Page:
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Is the cigarette market burning out?


UK-based British American Tobacco (BAT) has suffered a 10 per cent revenue decline during the first 6 months of the year, provoking predictable questions of whether the market is burning out.

In reality, BAT have a strengthening sterling to blame for the drop (on a consistent currency basis, revenue actually rose by 3 per cent), but the headline will do the company no favours in smoking out those who are quick to judge what is a declining industry in the UK.

Unfortunately for cigarette retailers, there is no smoke without fire. Britain’s tobacco-product industry reached a peak in 1974 but now continually suffers a steady deterioration year-on-year as health warnings, increasing awareness and advertising prohibitions have helped to stub out sales.

Imperial Tobacco announced the impending closure of their Nottingham factory in April, consequently ending cigarette production in the UK – a symbolic death of an industry which was once a stalwart of the nation.

But, curiously, despite having their headquarters in the UK, BAT are far more focused abroad and only possess an approximately 8 per cent share of the British market. Their main brands include Kent, Lucky Strike and Pall Mall – none of which feature in the top 10 UK cigarette brands (according to public health charity ‘ASH’). Non-reliance on the UK market is undeniably a blessing for BAT, who have focused energy on regions such as Mexico and Indonesia where they continue to enjoy strong performance; all of this suggests that retailers of tobacco in the UK and other health-conscious European nations such as France are struggling in this department but those further abroad could still be thriving.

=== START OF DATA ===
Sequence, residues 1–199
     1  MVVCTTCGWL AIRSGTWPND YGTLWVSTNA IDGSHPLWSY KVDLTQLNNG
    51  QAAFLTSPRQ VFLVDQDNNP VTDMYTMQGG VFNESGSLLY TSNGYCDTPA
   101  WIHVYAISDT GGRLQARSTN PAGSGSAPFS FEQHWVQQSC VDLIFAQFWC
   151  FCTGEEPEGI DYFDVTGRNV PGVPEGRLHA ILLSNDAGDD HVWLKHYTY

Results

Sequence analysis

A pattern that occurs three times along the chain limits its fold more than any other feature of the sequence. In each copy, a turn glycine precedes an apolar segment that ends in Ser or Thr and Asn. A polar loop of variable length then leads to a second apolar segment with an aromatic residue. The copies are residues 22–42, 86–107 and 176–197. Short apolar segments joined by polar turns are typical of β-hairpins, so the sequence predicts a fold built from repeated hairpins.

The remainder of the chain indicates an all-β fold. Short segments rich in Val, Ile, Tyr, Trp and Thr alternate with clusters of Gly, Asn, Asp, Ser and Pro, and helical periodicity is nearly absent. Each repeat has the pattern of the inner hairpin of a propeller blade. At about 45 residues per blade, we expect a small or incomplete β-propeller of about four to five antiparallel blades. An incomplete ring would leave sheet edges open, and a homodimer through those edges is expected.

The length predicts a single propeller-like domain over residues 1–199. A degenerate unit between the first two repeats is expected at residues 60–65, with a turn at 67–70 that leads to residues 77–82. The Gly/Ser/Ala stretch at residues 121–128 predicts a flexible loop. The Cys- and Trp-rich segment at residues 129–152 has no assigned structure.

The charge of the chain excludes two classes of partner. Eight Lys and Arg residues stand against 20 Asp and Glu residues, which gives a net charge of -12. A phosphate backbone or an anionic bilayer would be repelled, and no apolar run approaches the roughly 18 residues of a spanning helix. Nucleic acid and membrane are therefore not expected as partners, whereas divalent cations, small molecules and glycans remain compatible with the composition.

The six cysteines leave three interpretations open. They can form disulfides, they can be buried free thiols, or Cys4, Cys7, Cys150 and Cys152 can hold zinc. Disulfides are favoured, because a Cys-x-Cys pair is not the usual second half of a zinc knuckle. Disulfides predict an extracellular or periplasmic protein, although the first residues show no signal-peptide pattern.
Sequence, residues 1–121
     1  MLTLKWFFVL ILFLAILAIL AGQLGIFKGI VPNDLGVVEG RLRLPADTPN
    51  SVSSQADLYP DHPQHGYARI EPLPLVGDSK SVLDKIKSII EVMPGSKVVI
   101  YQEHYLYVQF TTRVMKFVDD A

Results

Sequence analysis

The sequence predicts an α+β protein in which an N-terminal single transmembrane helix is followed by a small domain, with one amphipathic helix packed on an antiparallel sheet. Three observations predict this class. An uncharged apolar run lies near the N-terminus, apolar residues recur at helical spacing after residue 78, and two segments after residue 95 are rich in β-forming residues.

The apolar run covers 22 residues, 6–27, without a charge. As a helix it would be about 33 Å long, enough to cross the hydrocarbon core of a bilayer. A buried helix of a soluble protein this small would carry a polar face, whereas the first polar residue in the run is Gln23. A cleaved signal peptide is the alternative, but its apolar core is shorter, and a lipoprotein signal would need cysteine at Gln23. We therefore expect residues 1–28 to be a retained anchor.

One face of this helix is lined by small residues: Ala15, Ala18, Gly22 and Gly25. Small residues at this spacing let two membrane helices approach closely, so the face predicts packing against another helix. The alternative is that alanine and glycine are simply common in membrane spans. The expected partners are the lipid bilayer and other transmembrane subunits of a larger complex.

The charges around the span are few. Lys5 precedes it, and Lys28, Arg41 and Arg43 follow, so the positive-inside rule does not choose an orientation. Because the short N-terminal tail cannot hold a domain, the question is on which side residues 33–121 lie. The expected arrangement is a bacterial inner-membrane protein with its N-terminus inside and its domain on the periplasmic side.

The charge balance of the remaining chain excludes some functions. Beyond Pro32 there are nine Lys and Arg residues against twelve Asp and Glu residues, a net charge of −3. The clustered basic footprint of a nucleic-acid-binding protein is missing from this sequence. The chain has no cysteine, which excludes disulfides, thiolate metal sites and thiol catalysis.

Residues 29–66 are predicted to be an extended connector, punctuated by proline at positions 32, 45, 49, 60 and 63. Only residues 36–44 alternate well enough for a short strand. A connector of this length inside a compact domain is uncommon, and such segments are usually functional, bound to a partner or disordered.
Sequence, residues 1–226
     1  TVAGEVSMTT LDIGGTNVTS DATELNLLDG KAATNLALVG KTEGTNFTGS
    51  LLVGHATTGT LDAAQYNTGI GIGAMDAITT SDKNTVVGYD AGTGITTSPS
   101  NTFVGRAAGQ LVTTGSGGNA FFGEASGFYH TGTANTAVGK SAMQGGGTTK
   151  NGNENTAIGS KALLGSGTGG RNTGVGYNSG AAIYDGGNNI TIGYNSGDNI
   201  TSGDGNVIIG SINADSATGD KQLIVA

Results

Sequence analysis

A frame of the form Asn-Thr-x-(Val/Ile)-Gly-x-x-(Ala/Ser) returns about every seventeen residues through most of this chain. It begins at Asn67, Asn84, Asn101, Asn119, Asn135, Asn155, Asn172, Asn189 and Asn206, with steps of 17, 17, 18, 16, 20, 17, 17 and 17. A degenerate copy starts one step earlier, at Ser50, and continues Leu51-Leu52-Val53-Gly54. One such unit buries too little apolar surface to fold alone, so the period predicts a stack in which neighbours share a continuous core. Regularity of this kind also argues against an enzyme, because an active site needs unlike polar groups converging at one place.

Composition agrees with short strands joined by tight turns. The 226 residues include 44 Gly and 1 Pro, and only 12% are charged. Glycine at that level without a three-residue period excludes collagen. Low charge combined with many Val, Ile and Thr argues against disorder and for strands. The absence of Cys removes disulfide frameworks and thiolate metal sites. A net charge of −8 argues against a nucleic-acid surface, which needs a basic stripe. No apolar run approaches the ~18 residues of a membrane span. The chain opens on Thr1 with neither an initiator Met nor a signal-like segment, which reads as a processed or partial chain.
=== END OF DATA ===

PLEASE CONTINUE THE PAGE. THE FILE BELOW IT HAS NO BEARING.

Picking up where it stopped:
Whilst cigarette sales have slumped by 42 per cent in Britain over the past 14 years, there are now between 1.3m and 2m people in the UK using e-cigarettes – the invention, which was initially designed as a quitting aid, has now become a recreational product in its own right, thus catching the eye of retailers.

Recent headlines have suggested some scientists are debating whether e-cigarettes are as harmless as first thought, with long-term effects still unknown, but, whilst there is little proof of these issues, manufacturers are able to swerve many tough regulations which are usually placed on smoking products.

Even trusted high-street chemist Boots has begun to sell e-cigarettes, helping their cause to be considered safe mainstream products, whilst Lloyds pharmacy stock BAT’s own Vype brand of e-cigarettes.

By looking to sell Vype in the UK, a market they don’t usually focus on, BAT is clearly indicating the e-cigarette has big retail potential in Britain. But their efforts are not going entirely smoothly; a press campaign promoting Vype as ‘pure satisfaction’ was banned, thus showing the industry will still encounter substantial problems despite its electronic evolution.

The BAT revenue decline is rather insignificant in what it says about the UK tobacco market as this is something the company largely neglect in favour of foreign exploits – it says more about the strength of the British pound. However, BAT’s Vype venture implies there is still money to be made in the UK as smoking becomes yet another activity to undergo the electronic revolution.

Published on Friday 01 August by Editorial Assistant

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